What’s more damning and ego-bruising than an external DoS (denial of service) attack? Why, an internally inspired one of course. Which self-respecting company would do such a thing to itself? What’s the rationale to this irrational behaviour? Recently, the largest bank in Malaysia (let’s call it Big Bank) chose to rollout a Metro-style UI ‘improvement’ on its well-known, critically-acclaimed Internet banking system. Mass hysteria ensued as public users were unable to perform even simple fund transfers as usual. As usual, the Head of IT’s head was on the line. Big Bank promptly reverted to the previous UI and initiated damage-control measures, such as issuing an apology via Facebook.
There are numerous articles addressing the lessons to learn, root cause and best practices to avoid such incidents from happening again. This article instead will give tips to REPEAT such incidents in your company (if you are in a position of power), because people in general don’t like to read boring stuff to avoid disasters in future.
As mentioned, some netizens blamed IT for causing this unfortunate incident. In a way, IT is part of the problem, but usually, they are just the receiving end of orders from above. The corporate attitude of IT in Malaysia is that they are just cooks; they just cook when given the rice. No rice, no cooking. Maybe no cook as well. So who’s the real culprit? I would like to conject/suggest that the true culprit is actually a man (not being sexist, may be a woman, but this is my conjecture), who belongs to the business division, and an exuberant fan of new technology. So how does he concoct his strategy to rollout a new change and cause havoc to the Internet banking users of Big Bank?
This man with a mission may think this way:
1. Launch it quick
Launch it before the year ends. Why? Maybe people remember stuff better at year end. Great starts at the beginning of the year may be forgotten when the year is ending. Why not end the year with a bang? It doesn’t matter if IT insisted that freeze period is around the corner. Launch it just before freeze period and the IT folks can also be given rest, right? Oh, but what about serious issues like…unable to login? Unable to transfer funds? Don’t worry, users can still use phone banking, ATMs, even pay a visit to the branches. Alternative channels, dude! Not a serious concern, just launch it, NOW!
2. Launch it BIG
What good is a change if no one notices? The media may not cover it, the Facebook ‘likes’ may not even hit 4 digits, and no hoo-haa like ‘Jom Heboh’. I know…just launch it during the MONTH-END! Payroll time is the best time. Even users that were forced to use Internet Banking will most likely need to login just to check if their salary is in. That way, you get maximum publicity and Big Bank can again bag yet another award for ‘Most Innovative Design’ for an Internet banking system.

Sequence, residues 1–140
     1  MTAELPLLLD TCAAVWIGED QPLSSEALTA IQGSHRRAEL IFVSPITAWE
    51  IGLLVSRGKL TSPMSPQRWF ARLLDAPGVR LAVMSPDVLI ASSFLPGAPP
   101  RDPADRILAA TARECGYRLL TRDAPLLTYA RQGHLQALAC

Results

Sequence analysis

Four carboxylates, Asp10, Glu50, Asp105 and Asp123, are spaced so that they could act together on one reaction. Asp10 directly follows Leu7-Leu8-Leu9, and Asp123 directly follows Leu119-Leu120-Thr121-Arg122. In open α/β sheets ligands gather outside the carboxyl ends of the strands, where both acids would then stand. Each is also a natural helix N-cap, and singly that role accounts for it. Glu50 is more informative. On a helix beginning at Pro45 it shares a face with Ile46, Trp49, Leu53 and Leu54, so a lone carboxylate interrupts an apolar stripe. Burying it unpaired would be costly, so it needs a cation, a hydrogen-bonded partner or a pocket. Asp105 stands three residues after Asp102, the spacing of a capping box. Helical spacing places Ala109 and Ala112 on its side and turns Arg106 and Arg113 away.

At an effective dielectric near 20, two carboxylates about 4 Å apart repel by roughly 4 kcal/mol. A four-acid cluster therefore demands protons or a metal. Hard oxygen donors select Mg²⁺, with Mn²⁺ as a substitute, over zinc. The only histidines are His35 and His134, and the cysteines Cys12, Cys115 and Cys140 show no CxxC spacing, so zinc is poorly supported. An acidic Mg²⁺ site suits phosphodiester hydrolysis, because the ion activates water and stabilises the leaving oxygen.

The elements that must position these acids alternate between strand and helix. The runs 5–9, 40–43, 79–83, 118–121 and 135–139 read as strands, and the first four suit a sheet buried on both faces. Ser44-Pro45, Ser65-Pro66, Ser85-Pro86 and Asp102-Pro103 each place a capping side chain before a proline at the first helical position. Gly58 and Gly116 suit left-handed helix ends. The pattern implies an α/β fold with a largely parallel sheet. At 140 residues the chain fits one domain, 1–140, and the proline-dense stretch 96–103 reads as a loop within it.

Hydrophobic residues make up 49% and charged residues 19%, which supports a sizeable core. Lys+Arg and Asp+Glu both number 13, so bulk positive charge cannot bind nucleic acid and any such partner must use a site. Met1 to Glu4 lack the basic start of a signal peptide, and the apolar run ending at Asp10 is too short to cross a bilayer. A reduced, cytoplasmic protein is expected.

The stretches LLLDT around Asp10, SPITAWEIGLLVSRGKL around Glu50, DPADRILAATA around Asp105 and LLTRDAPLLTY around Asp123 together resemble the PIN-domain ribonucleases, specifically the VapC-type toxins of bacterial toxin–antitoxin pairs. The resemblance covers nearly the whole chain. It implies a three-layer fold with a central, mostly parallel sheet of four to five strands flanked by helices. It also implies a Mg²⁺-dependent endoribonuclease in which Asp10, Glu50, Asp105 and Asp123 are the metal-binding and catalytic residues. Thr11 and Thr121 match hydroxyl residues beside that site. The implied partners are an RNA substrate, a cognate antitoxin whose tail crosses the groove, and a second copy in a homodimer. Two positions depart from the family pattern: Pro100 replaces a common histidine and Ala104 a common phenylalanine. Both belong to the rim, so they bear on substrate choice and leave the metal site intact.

3. No options aka I know what is good for you
Oh, why does Gmail and even Yahoo have to inform users that there’s a new UI for their systems and pain-stakingly provide online cues and dialog boxes to guide the users? Come on, this UI change is awesome! Facebook did rollout a new UI and initially users were mad, but they then normalized and happily got back into broadcasting their personal data for free. Wait, Gmail, Yahoo and Facebook are free sites, but Big Bank is not. But Big Bank does not charge its users to use Internet Banking, right? We attempted to charge last decade but it backfired, so why should the users complain about the UI? It’s GOOD for them! Good things must be shoved into their faces. Makes socialism such a fuzzy and ‘noble’ ideal…
4. No need for stress testing, but when I do, I do it in PRODUCTION
Oh, stress testing stresses me up. The incessant whining of IT that our test environment is not up to par due to cost-saving measures to reduce IT expenditure really vexes me. What’s wrong with saving cost? If I need to wait for stress testing to complete, I am not able to launch it quick, and big. Anyway, what’s so performance-impacting than a UI change? It’s like wearing a mask, right? You can still see, breathe, eat and hear when donning the mask. Oh, I love myself because I am so good at analogy.
Of course, in actual fact, it rarely boils down to a single person being the root cause to such incidents. Or maybe it really boils down to that. No one knows. I am not an insider in Big Bank. All I can say is, Bang2Bank.
This guide will introduce you to the world of Software Architecture!
This 162 page guide will cover topics within the field of software architecture including: software architecture as a solution balancing the concerns of different stakeholders, quality assurance, methods to describe and evaluate architectures, the influence of architecture on reuse, and the life cycle of a system and its architecture. This guide concludes with a comparison between the professions of software architect and software engineer.